Denise M Taylor

Writing Consultant I Editor I Proofreader I Teacher

A few years ago I wrote a thesis with its focus the mid-nineteenth-century painting by British artist Valentine Prinsep, ‘The flight of Jane Shore’. I researched Jane Shore’s life to the point of obsession and got to know this medieval royal mistress so well that I thought I could speak for her—write her story in the genre of historical fiction. […]

In 1830, at the age of 60, the self-professed drawing maniac, Japanese artist Katsushika Hokusai (1760-1849), thought his best work was yet to come, and maybe it was, but the National Gallery of Victoria’s ‘Hokusai’ exhibition (closes 14 October) proves that his woodblock prints and paintings prior to the 1830s were indicative of a prodigious artistic talent. Displayed in the […]

Categories: Slideshow Articles

If the name Vanessa Bell (1879-1961) doesn’t ring a bell, then maybe her younger sister’s name, Virginia Woolf, does. Happily, my recent stay in London coincided with an exhibition of Vanessa’s art at the Dulwich Picture Gallery, and I also visited Charleston House, her charming rural bolthole in East Sussex. Combining these visits enabled me to better understand this artist […]

Australian Indigenous artist, Yhonnie Scarce, loves the transformative qualities of glass, enabling her to generate metaphors that reflect the past, present and future concerns for her people, her Country and Aboriginal culture. TarraWarra Museum of Art is currently displaying Yhonnie’s new glass work, ‘Hollowing Earth’, which was commissioned specifically for TWMA’s autumn exhibition (along with a collection of paintings and […]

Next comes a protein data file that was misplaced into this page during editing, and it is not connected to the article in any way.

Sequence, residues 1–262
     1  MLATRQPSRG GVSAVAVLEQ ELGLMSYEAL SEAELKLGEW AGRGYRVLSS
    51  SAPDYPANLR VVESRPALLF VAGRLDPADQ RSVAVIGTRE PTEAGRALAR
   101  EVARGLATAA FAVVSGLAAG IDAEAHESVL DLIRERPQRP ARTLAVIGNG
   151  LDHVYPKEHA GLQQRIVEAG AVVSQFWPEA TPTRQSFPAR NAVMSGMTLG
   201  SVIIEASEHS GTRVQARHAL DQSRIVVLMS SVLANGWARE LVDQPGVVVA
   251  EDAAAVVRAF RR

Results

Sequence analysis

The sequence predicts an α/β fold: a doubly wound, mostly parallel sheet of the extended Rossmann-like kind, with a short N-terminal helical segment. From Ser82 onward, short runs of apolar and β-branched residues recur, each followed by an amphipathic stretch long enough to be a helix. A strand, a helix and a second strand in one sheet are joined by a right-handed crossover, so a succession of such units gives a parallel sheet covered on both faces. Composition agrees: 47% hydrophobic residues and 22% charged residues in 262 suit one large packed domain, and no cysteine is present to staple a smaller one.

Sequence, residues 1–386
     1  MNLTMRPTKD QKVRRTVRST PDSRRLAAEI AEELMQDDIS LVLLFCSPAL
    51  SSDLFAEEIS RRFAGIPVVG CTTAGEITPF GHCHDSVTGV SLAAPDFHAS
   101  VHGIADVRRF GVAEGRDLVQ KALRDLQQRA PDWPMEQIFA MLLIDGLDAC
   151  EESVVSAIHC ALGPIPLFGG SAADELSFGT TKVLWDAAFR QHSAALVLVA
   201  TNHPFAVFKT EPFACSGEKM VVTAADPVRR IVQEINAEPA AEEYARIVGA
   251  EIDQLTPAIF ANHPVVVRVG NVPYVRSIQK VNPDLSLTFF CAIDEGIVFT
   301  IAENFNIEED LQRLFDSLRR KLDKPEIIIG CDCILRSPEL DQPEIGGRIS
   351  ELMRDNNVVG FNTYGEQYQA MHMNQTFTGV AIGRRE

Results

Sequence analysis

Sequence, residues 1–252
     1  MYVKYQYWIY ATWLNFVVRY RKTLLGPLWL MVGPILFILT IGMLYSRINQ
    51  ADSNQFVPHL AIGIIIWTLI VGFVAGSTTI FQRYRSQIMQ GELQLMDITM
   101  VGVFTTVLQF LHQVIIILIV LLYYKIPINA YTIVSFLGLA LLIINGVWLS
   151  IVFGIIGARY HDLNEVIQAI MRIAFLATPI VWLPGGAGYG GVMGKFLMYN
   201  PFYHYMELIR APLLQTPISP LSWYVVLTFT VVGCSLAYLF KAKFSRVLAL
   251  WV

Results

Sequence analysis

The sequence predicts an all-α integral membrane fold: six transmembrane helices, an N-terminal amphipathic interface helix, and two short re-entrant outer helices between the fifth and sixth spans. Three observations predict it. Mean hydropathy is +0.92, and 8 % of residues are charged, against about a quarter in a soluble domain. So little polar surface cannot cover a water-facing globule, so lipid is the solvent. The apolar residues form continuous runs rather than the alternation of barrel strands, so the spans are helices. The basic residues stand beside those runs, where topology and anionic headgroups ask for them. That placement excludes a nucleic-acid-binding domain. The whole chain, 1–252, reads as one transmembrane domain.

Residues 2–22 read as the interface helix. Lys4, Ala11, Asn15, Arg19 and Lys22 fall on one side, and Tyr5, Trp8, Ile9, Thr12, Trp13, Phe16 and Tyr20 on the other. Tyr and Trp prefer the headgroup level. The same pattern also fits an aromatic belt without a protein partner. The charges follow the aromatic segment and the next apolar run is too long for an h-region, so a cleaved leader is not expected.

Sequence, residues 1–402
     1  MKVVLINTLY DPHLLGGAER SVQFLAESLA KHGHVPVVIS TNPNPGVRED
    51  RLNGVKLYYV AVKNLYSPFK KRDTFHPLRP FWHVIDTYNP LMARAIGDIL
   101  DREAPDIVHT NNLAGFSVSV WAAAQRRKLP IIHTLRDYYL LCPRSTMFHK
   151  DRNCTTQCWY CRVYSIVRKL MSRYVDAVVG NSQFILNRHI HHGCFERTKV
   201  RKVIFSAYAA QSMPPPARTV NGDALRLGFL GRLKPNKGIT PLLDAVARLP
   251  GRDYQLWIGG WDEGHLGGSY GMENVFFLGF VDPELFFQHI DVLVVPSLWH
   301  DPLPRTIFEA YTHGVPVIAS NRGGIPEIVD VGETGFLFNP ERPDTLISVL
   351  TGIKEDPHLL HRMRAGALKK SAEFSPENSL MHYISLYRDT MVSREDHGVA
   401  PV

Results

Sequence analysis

Categories: Uncategorized

One of my new-year resolutions includes ‘getting out of Melbourne to enjoy art on offer in regional Victoria’. This promise began to materialise just before Christmas when I contacted an ‘old’ pal who lives in Geelong and shares my love of art. I’m ashamed to say that I have never stepped foot inside the Geelong Gallery (GG) so it was […]

Categories: Musings on Art

Travel writing often ends up being fantasy. The idea of the writer-artist as an independent traveller embodies a romantic notion that the source of his or her inspiration is an unrestrained inner life. English travel writer, Bruce Chatwin (1940-89,) was a post-Vietnam-War traveller, content to travel alone and live in ‘native’ standards of comfort. His writing style is as intoxicatingly […]

When I read the first page of a novel, or a manuscript that crosses my desk for appraisal, I want my senses to be immediately engaged and on alert. There may be intrigue, which grabs my attention, but if I don’t get a visual hit that stimulates my senses, and in particular, a sense of place, then I’m often disappointed. […]

If you think the French artist, Edgar Degas (1834-1917), just painted pretty ballerinas in soft pastels, then you’ll know otherwise once you’ve visited the National Gallery of Victoria exhibition featuring works spanning more than five decades of his career. You’ll find out that this enigmatic man depicted modern Parisian life—warts and all—in many intriguing ways. Some pigeon-hole Degas as an […]

Categories: Musings on Art

The famous literary Brontë family lived in Haworth Parsonage, Yorkshire, between 1820 and 1861. Their austere grey-stone home, surrounded by dark-green trees, prickly hedges and bleak moors, is infused with gothic imaginations. Even though it is now the Brontë Parsonage Museum, and nothing can be touched, this is a place where astonishing art was created by three sisters. I imagine […]

These days, it is cool to poo-poo the pursuit of beauty in art, but avant-garde writers and artists in late-nineteenth-century Europe, particularly in the hedonistic capital of France, celebrated the power of beauty to transform the beholder. English literary genius, Oscar Wilde, was notorious as the witty spokesman of Aestheticism and its bold declaration that art should be independent from […]

Categories: Musings on Art